All patients received 3 mg/kg heparin before cannulation for CPB. Activated coagulation time was maintained over 400 seconds. Crystalloids and erythrocyte suspensions were used for prime solutions and hematocrit levels were maintained at 25 to 30%. Non-pulsatile CPB flow was used and MAPs were maintained at 40 to 50 mmHg. Mild hypothermia (28-30 °C) was performed during the CPB. For myocardial protection, cold (4 °C) blood cardioplegia was used for 20 minutes intermittently. The patients were slowly re-warmed after the closure of the ventricular septal defect (VSD) and reconstruction of the right ventricular outflow and removal of the aortic clamp. Before the initiation of weaning from the CPB, optimal conditions both in hemodynamic parameters and blood gas management were achieved.

Statistical analysis
Statistical analysis was performed using the IBM SPSS for Windows version 19.0 software (IBM Corporation, Armonk, NY, USA). Data were expressed in mean ± SD. Categorical variables were analyzed using the chi-square test. Normally distributed data were analyzed using the twotailed Student’s test. Repeated measurements were analyzed using one- and two-way analysis of variance (ANOVA). A p v alue o f < 0.05 w as considered statistically significant.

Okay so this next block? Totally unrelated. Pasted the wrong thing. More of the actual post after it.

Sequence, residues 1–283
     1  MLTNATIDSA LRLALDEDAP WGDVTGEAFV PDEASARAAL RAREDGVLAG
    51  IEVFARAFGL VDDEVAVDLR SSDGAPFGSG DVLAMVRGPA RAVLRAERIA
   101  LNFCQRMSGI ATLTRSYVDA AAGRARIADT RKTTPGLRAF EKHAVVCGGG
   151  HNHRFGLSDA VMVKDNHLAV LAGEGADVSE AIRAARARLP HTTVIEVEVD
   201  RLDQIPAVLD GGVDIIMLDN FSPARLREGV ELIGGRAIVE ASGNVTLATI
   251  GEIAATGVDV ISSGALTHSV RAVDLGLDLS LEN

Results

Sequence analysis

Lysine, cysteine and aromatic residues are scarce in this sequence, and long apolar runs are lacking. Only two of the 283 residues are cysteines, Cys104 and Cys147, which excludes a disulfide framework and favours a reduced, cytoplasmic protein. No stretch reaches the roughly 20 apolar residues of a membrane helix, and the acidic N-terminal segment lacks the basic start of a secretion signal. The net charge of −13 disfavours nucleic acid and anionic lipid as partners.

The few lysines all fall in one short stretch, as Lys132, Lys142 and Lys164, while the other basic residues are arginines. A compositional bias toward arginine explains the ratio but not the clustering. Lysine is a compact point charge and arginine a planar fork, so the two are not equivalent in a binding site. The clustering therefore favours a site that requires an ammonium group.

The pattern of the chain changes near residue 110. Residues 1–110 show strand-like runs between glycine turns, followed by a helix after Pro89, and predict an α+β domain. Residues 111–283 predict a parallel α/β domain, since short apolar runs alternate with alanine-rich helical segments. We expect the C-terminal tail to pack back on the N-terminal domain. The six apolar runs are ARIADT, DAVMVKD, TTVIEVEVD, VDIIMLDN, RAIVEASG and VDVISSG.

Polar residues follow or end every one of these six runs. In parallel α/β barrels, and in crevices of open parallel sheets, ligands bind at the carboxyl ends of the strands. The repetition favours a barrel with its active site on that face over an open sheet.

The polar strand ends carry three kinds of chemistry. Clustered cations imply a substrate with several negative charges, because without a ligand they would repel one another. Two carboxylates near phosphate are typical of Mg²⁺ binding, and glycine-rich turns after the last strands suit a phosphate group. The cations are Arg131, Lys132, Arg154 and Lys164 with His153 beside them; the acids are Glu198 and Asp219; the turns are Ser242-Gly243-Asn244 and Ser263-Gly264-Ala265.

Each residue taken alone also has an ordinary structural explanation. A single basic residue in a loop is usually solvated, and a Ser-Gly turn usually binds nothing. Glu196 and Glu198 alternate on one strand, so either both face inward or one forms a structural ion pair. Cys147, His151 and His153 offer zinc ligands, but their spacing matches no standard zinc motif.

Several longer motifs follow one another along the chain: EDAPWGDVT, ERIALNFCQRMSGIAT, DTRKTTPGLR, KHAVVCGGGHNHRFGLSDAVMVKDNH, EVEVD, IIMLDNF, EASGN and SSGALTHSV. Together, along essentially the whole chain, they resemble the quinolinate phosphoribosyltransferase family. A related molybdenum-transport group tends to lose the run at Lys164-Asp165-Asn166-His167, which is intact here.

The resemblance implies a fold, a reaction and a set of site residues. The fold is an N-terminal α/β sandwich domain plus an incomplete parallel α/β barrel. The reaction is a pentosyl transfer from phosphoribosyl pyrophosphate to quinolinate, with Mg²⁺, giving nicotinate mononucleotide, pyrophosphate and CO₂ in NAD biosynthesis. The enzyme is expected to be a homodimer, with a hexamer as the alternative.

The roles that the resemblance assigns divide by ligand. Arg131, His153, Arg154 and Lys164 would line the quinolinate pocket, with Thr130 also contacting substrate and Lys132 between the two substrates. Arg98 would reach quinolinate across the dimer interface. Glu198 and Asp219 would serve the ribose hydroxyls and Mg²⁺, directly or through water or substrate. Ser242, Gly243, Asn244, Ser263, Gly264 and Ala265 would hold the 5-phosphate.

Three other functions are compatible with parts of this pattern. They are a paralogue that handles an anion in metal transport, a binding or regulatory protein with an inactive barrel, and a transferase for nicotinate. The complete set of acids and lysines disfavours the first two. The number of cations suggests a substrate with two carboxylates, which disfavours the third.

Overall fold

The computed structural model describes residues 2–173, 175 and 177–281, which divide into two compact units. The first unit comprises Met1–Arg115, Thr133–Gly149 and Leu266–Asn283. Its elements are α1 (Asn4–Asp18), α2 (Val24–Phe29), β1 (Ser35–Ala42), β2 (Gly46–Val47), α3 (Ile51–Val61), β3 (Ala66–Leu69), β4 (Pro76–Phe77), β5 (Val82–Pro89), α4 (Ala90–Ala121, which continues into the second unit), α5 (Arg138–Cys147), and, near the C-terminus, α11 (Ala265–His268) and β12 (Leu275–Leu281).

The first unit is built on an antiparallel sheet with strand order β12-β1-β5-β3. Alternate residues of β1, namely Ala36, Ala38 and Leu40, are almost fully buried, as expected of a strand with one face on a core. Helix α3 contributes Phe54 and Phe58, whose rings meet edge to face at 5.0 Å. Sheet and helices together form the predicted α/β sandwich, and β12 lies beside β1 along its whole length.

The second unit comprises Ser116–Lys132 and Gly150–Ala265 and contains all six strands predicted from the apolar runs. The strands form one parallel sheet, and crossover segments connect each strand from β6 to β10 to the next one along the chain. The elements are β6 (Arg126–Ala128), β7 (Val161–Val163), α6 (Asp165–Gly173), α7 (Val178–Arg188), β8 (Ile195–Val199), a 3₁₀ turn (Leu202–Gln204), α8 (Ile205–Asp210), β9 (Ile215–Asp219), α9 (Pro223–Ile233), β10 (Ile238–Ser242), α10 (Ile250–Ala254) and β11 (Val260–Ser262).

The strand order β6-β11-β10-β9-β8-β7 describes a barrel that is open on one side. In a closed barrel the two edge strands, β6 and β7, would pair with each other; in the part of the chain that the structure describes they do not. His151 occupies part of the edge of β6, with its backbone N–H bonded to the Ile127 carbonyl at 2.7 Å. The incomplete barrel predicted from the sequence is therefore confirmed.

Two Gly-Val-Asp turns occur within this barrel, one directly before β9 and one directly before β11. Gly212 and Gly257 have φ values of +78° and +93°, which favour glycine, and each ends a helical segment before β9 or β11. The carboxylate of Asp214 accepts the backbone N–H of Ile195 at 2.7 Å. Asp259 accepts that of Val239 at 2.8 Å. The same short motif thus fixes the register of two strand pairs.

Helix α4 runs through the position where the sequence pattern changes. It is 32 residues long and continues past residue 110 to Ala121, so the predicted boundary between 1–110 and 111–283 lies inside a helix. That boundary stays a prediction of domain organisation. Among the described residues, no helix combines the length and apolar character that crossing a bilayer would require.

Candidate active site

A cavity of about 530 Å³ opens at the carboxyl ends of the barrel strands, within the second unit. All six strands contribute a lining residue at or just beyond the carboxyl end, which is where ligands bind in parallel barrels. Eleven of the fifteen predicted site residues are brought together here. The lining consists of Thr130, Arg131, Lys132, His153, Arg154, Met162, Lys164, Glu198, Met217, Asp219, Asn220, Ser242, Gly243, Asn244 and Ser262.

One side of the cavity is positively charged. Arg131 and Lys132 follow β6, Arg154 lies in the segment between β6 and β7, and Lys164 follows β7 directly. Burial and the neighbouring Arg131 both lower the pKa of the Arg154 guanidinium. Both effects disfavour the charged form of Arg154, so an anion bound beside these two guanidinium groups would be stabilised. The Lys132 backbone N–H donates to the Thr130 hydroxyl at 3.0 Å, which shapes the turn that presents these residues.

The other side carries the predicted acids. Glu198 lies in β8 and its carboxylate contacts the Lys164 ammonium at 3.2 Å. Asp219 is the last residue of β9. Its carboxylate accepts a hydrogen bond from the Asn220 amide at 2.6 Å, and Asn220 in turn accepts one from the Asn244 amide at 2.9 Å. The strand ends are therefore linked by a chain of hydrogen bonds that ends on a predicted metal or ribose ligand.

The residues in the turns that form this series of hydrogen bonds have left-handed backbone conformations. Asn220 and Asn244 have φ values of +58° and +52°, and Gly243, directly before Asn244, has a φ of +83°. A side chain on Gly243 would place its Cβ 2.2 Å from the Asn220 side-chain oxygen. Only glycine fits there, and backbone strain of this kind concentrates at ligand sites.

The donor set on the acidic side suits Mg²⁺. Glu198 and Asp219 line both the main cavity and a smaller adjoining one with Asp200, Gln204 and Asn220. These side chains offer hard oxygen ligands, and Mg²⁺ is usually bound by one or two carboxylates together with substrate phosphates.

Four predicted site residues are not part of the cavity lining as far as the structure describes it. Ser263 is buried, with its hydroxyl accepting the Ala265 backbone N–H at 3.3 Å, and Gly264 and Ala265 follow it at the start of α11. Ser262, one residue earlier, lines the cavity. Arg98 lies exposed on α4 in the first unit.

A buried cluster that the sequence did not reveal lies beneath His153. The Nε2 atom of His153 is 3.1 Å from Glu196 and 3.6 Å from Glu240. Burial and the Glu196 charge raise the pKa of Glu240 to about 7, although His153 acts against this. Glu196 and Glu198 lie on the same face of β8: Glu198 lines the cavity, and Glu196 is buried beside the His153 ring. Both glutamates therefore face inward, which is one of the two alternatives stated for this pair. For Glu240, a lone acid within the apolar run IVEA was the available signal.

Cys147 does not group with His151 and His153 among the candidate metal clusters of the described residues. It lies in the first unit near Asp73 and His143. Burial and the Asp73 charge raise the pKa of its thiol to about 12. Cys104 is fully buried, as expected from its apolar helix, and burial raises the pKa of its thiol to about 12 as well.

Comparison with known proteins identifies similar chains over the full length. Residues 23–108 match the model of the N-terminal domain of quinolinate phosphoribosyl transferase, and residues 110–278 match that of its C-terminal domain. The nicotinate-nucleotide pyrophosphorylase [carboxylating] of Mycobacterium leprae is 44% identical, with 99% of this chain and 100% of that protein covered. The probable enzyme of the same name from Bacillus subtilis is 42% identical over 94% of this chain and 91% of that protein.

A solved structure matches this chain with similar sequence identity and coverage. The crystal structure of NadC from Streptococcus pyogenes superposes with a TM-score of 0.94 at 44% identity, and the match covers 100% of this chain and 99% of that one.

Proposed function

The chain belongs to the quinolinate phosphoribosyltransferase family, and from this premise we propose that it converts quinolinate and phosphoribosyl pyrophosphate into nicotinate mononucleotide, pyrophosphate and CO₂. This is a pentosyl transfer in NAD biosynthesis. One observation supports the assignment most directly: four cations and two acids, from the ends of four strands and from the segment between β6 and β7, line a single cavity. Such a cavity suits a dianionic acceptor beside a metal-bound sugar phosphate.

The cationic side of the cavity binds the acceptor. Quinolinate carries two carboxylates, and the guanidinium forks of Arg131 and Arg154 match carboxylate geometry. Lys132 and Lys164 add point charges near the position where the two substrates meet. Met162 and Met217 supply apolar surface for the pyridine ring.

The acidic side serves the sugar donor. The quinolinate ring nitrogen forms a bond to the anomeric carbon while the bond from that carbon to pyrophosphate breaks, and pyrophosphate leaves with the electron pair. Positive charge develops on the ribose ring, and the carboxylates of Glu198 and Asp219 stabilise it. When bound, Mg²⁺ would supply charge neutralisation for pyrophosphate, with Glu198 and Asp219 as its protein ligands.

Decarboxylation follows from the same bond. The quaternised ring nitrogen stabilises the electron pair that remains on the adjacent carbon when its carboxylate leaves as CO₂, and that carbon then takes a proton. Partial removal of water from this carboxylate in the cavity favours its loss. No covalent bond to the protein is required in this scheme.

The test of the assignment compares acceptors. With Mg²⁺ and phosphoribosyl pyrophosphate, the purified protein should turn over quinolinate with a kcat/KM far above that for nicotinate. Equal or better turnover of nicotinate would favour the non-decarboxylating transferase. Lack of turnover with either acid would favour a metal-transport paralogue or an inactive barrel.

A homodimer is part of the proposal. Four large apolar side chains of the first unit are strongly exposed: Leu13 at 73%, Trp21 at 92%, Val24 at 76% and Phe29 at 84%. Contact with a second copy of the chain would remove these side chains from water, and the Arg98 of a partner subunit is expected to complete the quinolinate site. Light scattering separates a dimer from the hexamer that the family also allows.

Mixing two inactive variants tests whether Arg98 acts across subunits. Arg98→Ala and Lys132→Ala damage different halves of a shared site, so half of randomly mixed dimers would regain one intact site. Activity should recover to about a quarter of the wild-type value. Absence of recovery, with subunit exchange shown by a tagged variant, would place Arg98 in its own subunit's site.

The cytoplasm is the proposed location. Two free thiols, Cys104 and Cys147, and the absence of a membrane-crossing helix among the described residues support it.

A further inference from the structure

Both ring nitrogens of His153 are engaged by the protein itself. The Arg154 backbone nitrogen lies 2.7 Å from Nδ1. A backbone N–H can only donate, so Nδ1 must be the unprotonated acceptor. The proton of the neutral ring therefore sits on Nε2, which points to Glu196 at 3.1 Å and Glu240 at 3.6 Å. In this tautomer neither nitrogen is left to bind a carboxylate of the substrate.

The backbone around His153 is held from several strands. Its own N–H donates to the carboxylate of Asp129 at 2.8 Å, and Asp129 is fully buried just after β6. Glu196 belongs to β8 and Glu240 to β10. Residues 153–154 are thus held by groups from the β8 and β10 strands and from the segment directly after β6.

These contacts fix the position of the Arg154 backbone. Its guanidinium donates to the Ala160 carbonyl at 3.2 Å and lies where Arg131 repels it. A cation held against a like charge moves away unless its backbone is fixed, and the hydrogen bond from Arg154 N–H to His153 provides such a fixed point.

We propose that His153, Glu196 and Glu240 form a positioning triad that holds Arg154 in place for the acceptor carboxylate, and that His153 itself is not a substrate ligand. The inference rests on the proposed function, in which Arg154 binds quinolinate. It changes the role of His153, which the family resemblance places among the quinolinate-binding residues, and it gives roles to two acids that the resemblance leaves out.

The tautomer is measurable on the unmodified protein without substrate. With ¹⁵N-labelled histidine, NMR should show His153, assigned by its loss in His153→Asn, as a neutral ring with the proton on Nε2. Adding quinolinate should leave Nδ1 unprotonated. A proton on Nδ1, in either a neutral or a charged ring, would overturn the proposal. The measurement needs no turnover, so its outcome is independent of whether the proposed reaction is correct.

A total of 50 patients whose TOF was repaired through CBP were included. Demographic characteristics of the patients are shown in Table 1. There was no difference in the age, gender, and weight of the patients.

Table 1: Demographic characteristics of patients

Hemodynamic parameters are presented in Table 2. The heart rate was significantly lower in the study group after induction, before of CPB, after CBP, and at the end of surgery (p<0.05). The MAP was also lower in study group after induction, before of CPB, after CBP and at the end of surgery; however, it did not reach statistical significance.